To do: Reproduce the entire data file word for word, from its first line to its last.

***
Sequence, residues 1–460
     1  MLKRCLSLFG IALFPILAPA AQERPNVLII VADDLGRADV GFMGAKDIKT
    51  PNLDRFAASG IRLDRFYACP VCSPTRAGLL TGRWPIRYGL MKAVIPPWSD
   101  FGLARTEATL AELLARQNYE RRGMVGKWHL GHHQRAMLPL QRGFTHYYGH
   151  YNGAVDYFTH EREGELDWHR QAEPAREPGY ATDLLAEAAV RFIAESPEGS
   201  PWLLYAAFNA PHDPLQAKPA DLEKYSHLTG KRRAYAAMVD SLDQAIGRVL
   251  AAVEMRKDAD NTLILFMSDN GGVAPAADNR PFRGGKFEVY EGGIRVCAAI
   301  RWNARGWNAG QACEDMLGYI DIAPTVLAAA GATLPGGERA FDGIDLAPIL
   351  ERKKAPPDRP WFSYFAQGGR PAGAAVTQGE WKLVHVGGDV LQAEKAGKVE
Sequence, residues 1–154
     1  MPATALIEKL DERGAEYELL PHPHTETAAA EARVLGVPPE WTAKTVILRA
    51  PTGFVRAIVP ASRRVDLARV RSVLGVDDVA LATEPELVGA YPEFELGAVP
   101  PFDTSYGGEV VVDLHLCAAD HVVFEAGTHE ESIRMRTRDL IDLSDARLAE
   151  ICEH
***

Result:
Sequence, residues 1–460
     1  MLKRCLSLFG IALFPILAPA AQERPNVLII VADDLGRADV GFMGAKDIKT
    51  PNLDRFAASG IRLDRFYACP VCSPTRAGLL TGRWPIRYGL MKAVIPPWSD
   101  FGLARTEATL AELLARQNYE RRGMVGKWHL GHHQRAMLPL QRGFTHYYGH
   151  YNGAVDYFTH EREGELDWHR QAEPAREPGY ATDLLAEAAV RFIAESPEGS
   201  PWLLYAAFNA PHDPLQAKPA DLEKYSHLTG KRRAYAAMVD SLDQAIGRVL
   251  AAVEMRKDAD NTLILFMSDN GGVAPAADNR PFRGGKFEVY EGGIRVCAAI
   301  RWNARGWNAG QACEDMLGYI DIAPTVLAAA GATLPGGERA FDGIDLAPIL
   351  ERKKAPPDRP WFSYFAQGGR PAGAAVTQGE WKLVHVGGDV LQAEKAGKVE
Sequence, residues 1–154
     1  MPATALIEKL DERGAEYELL PHPHTETAAA EARVLGVPPE WTAKTVILRA
    51  PTGFVRAIVP ASRRVDLARV RSVLGVDDVA LATEPELVGA YPEFELGAVP
   101  PFDTSYGGEV VVDLHLCAAD HVVFEAGTHE ESIRMRTRDL IDLSDARLAE
   151  ICEH